• WE GUARANTEE that, given at least three years to work with a young  woman at Hukarere, she will become a confident, motivated, self-disciplined and responsible citizen capable of providing leadership and moral guidance in her community:
  • WE GUARANTEE that together we will have found her personal strengths, skills, abilities and talents whether they be academic, cultural, artistic or sporting; and that we will have fostered and developed those attributes to enable her to have access to a successful and rewarding future:
  • WE GUARANTEE that she will go out from Hukarere into a strong and supportive network based on her Iwi, the Church, the Hukarere Old Girls Association, and the network of Friends of Hukarere.

No reira e koro ma, e kui ma, kotiro ma, rau rangatira ma,kua mutu aku korero mo tenei wa, tena koutou, tena koutou,tena ra tatou katoa.

Kei raro.

The Origins of Corporate Iwi

This essay traces the origins of corporate iwi from 1984. The author was personally involved in the formation of the iwi and community provider network and its struggle to attain legitimacy. Much of the information that follows is sourced from the author’s personal diary and journal entries of the time, and from commentary in Te Putatara.

Based on that kaupapa the election of a Labour government in July 1984 and the appointment of Koro Wetere as Minister of Maori Affairs presaged a renewed impetus in Maori development in which were sown the seeds that grew into modern corporate iwi. It was the beginning of transfer of funding, power and responsibility from government agencies to both tribal and community providers.

Sir Apirana Ngata led an early Maori development initiative focused on land, culture, the arts and education. He advocated for the Maori Land Act 1909 under which previously established Maori land incorporations were legislated. Much of his work before and during his time in Parliament (1905-1943) including a period as  Minister of Maori Affairs (1928-34) was focused on land reform and development, including the formation of Maori land incorporations.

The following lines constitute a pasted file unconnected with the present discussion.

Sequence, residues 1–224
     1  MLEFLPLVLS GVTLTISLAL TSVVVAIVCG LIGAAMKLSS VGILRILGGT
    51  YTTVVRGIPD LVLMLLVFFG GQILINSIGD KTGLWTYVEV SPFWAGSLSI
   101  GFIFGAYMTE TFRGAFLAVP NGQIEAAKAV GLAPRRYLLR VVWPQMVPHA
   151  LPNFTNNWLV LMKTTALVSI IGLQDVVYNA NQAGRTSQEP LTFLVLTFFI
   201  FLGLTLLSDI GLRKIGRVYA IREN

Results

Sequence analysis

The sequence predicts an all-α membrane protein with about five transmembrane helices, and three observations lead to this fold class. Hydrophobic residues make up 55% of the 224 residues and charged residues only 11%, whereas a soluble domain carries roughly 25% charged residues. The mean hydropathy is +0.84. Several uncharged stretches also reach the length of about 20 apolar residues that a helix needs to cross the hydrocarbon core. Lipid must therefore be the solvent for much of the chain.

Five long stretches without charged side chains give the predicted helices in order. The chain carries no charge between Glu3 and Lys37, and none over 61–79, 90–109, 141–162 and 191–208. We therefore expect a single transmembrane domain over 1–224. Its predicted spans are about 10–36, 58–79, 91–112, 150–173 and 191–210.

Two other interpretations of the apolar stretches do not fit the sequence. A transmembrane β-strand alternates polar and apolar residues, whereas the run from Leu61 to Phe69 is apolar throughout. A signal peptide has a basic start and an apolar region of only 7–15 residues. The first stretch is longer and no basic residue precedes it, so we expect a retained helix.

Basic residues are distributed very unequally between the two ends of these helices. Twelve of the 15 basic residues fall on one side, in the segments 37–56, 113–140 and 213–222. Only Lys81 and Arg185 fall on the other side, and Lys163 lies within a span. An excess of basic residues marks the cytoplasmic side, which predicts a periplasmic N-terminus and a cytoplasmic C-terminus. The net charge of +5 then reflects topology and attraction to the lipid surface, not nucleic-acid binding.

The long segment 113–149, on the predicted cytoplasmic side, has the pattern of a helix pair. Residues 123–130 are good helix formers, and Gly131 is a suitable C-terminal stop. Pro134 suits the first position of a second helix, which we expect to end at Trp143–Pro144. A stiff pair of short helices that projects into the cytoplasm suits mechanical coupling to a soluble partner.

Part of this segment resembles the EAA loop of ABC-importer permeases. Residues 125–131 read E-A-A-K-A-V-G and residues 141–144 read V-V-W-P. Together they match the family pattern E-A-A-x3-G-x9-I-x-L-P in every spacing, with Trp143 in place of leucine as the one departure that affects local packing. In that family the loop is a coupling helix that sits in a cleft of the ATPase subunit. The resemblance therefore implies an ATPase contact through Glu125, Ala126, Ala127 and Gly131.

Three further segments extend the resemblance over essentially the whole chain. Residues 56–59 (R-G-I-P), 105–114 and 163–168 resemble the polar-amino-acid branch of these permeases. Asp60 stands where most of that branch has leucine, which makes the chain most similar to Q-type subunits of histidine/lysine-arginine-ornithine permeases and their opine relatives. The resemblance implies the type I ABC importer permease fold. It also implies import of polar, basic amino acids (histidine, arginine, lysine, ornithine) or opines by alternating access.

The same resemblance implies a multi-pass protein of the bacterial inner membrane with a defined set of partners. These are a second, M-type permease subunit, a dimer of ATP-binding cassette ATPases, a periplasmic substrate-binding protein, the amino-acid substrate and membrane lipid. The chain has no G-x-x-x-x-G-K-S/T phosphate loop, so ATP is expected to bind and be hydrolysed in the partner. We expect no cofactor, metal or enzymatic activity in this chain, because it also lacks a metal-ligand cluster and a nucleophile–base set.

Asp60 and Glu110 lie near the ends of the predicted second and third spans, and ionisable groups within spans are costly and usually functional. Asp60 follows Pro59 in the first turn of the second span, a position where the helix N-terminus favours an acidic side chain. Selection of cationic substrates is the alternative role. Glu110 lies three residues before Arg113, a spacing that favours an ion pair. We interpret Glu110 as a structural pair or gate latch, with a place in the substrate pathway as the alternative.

Prior to its abolition in 1989 the Board of Maori Affairs was heavily involved in land management  and development through its Maori Land Advisory committees and supported by the Department of Maori Affairs in both advisory and executive functions.  The Department was also providing Maori housing loans and running a very successful trade training scheme. The Maori Trustee had long been involved primarily in land management rather than land development.

The modern drive for economic and social development began in the Department of Maori Affairs and in the Maori Trustee in the early 1980s with further programmes such as Tu Tangata under Secretary Kara Puketapu in the term of a National government. The Department was enthusiastically supported by Maori communities. In 1982 Te Kohanga Reo was established by the Department with 100 kohanga opened in the first year, growing to 800 kohanga by 1994 with 14,000 mokopuna enrolled. The history of that ground brealing initiative is shown in the documentary “Let My Whakapapa Speak”.

However by about 1984 many in the Department and the Trustee saw themselves as the prime movers in development. That was the status quo but many in Te Ao Maori did not share that view.

For instance, when I joined the government development initiative in 1986 I was briefed by the kaumatua of my Wairarapa hapu on our mostly negative history of engagement with both agencies. They asked me to be alert to a repeat of that history. My hapu was not alone in its disquiet.